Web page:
Imperial Oil is investigating to see if a spill from a produced water line at the Norman Wells, N.W.T., operation has entered into the Mackenzie River.
The spill was reported to the N.W.T. Department of Environment and Natural Resources on Wednesday and according to the federal regulator occurred between Bear and Goose Island.
Produced water is treated water that is pumped to the surface during oil recovery and then reused. According to Transport Canada, produced water can contain contaminants from oil extraction, but it varies with how much it contains.
The company estimates the quantity of the spill is 55 cubic metres (55,000 litres).
Lisa Schmidt, a spokesperson for Imperial Oil, said in an email the company is investigating the situation.
"The line was quickly shut down. We currently estimate that approximately 55 cubic metres may have been released. We are still investigating whether produced water entered the Mackenzie River," she wrote.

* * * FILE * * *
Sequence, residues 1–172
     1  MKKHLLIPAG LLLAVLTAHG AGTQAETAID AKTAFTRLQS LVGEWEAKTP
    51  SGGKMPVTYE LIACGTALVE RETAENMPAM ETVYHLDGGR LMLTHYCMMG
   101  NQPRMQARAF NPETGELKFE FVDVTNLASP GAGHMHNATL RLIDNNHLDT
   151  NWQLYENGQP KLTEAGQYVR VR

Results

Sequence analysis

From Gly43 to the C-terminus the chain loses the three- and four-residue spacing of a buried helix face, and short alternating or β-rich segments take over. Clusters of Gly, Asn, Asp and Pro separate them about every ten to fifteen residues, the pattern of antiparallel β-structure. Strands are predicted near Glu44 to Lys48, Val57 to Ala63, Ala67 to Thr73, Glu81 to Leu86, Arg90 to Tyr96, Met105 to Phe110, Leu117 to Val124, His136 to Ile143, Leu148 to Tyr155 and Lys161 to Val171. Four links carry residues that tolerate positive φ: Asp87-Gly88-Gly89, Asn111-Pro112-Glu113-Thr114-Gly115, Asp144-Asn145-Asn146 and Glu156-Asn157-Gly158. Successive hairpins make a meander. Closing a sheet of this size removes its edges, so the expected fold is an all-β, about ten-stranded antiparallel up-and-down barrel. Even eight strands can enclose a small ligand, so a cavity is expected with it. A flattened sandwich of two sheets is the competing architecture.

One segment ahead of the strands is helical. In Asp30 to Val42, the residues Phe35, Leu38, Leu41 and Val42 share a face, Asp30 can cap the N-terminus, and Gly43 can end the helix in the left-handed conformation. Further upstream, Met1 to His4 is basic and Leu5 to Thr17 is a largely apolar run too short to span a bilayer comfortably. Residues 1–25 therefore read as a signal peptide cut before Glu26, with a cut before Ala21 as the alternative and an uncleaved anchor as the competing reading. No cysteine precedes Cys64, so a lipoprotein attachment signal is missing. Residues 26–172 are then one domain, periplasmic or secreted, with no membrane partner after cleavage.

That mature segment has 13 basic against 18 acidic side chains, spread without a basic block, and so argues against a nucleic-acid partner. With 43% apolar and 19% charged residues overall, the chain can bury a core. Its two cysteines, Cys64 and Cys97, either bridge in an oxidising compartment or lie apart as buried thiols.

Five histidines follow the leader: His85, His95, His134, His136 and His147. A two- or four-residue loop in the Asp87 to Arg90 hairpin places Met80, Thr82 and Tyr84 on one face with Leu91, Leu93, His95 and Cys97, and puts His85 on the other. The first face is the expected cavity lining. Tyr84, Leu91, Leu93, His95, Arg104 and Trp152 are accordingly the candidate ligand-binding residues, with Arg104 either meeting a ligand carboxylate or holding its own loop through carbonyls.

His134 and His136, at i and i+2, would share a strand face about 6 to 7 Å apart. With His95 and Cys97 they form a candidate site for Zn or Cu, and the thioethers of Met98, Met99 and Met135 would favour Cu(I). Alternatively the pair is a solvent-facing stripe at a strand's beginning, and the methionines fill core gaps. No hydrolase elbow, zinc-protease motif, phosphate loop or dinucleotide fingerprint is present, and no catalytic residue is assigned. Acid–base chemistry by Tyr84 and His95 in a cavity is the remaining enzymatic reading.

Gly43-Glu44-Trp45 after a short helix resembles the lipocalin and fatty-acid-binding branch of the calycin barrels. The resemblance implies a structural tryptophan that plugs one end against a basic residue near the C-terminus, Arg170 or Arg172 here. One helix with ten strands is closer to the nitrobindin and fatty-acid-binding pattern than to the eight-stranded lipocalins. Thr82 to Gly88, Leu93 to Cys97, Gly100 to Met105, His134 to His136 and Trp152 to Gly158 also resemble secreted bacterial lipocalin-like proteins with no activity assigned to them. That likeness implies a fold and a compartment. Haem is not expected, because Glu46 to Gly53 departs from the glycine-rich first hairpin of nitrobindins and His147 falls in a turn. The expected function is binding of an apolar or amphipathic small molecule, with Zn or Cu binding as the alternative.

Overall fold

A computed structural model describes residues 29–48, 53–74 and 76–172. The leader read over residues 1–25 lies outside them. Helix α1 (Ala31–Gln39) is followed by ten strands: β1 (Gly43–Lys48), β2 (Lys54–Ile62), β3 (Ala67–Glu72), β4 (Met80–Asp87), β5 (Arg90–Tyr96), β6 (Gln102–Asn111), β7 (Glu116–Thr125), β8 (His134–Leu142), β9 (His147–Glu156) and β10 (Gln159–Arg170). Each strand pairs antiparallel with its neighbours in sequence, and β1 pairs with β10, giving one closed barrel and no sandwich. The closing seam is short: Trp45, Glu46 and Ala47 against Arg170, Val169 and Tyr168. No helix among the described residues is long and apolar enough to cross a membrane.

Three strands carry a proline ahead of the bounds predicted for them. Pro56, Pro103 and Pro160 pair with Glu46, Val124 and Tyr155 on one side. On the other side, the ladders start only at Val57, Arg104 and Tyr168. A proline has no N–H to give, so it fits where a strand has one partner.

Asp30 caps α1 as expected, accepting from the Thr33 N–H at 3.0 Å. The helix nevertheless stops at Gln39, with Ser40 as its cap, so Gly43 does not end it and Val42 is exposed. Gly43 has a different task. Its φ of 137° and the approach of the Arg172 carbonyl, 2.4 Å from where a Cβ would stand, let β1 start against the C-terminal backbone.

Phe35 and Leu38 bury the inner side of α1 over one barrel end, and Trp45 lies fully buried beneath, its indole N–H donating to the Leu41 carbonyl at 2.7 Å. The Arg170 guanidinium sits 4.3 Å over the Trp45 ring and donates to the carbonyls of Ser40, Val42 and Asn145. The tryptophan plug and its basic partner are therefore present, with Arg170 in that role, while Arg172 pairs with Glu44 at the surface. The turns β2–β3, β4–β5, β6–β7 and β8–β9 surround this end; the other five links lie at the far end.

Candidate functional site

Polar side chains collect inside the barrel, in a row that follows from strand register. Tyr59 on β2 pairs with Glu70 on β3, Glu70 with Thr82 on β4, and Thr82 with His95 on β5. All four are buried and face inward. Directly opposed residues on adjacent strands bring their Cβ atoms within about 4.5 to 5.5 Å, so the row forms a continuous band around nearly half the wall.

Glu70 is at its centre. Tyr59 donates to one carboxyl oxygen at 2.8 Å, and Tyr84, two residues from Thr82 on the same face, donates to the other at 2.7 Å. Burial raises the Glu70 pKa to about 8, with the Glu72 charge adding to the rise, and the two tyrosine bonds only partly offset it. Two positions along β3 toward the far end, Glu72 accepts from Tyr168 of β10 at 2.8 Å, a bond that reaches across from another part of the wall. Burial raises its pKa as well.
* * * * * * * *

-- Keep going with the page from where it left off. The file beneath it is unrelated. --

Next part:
Schmidt said Imperial Oil is monitoring the water quality and there are no indications there is a risk to public health or wildlife.
"We have notified regulators and have shared this information with local communities."
No details have been provided on what caused the spill.
Lisa LeBel, a spokesperson for Canada Energy Regulator, said in an email the agency "requested additional information from Imperial on the concentrations of chloride and hydrocarbons in the released fluid, an assessment of any potential impacts of the release as well as the actions that will be taken to repair the leak and prevent reoccurrence."
Norman Wells Mayor Frank Pope said the leak was reported to him and that Imperial Oil has staff responding to the situation.
Downriver in Fort Good Hope, Edwin Erutse, president of the Yamoga Land Corporation, said he has received a call from a concerned resident on the spill and plans to followup to find out more.
Erutse said the spill comes during a busy fishing time in the community.
"People have nets and that out on the river, so I want to make sure that these concerns don't go unaddressed," he said.